Blog Archives

Exclusion and mental health difficulties: unravelling cause and effect and seeking answers in classroom practice

Amelia Roberts.  We are in an ‘exclusions’ crisis.With a rise in exclusions for three years running, we now have 40 children per day being permanently excluded across the UK. There is a clear link between exclusions and subsequent mental health difficulties.

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Posted in Evidence-based policy, Special educational needs and psychology, Teachers and teaching assistants

Grammar schools and access to universities: HEPI report not an accurate or complete picture

Lindsey Macmillan, Matt Dickson, Simon Burgess. A HEPI Occasional Paper out today claims that “grammar schools … play a significant role in supporting social mobility”. This is based on two statements in the paper: firstly, that a high proportion of disadvantaged pupils

Posted in Education policy, Evidence-based policy, Further higher and lifelong education

School leaders: who sits at your table? And four more questions for the new year

Zachary Walker.  Every generation brings new faces, new ways of thinking and new challenges into our classrooms. In order to prepare students for the dynamic, exciting world they are entering, it is important that we understand and honour this generation

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Posted in accountability and inspection, Evidence-based policy, Leadership and management

The pupil premium is not working (part I): do not measure attainment gaps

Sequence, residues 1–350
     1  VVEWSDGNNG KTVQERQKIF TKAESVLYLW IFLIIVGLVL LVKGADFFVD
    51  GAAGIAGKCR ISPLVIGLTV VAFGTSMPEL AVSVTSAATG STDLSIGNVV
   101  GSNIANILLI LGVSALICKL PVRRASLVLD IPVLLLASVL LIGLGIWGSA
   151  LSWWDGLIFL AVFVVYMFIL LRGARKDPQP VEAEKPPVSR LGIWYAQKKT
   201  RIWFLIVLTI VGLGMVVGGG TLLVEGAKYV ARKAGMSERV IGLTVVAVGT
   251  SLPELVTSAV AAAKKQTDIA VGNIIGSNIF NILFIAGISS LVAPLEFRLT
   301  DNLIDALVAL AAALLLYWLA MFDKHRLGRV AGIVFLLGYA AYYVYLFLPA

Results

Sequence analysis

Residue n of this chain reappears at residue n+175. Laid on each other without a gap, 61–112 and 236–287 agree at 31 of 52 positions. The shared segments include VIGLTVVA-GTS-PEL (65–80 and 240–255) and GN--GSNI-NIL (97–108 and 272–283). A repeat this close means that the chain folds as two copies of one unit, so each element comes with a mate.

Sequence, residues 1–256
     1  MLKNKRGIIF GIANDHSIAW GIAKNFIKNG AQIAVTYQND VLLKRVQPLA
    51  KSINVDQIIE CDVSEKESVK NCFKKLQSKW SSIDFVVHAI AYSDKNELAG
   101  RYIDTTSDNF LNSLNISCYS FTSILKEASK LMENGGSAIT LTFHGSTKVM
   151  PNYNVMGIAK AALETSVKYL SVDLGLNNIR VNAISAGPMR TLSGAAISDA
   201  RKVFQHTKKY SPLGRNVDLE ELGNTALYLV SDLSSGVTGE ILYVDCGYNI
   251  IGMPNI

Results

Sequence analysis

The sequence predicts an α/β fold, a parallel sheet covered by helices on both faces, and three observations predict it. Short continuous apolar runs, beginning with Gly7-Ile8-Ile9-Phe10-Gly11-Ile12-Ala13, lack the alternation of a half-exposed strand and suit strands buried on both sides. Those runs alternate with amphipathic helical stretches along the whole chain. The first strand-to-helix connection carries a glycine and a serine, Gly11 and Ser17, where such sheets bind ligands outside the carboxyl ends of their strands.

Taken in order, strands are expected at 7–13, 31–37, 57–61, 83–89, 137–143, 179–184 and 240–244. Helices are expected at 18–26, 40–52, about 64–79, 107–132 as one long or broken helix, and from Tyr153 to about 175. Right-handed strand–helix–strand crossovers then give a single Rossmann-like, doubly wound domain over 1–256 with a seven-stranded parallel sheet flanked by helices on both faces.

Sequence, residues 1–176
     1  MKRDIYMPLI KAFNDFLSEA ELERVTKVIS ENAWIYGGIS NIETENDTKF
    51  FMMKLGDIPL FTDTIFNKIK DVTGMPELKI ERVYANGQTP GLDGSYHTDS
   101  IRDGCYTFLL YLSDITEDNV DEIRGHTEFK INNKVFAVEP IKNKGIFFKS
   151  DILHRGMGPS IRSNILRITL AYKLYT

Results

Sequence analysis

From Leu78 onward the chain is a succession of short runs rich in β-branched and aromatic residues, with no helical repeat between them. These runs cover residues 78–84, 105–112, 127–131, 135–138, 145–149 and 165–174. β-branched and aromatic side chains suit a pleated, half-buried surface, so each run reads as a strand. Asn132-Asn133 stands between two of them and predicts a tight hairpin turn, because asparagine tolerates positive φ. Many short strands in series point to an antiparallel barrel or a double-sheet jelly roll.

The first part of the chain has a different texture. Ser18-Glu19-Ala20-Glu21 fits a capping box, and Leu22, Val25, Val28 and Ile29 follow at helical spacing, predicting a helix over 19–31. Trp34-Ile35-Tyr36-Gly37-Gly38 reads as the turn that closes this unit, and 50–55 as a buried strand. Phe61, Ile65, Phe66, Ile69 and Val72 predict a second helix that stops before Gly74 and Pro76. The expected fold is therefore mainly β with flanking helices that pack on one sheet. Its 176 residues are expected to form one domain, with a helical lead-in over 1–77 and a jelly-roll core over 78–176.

Becky Allen.  On Saturday 8 September 2018 I gave a talk to researchED London about the pupil premium. It was too long for my 40-minute slot, and the written version is similarly far too long for one post. So I

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Posted in accountability and inspection, Evidence-based policy, Leadership and management, Teachers and teaching assistants

What have longitudinal studies ever done for us? A beginner’s guide is here

Alison Park. Earlier this year the Economic and Social Research Council (ESRC) launched its Longitudinal Studies Strategic Review – commissioned to assess the value and future needs of longitudinal research in the UK. The review clearly recognised the importance of the UK’s

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Posted in Evidence-based policy, Social sciences and social policy, young people
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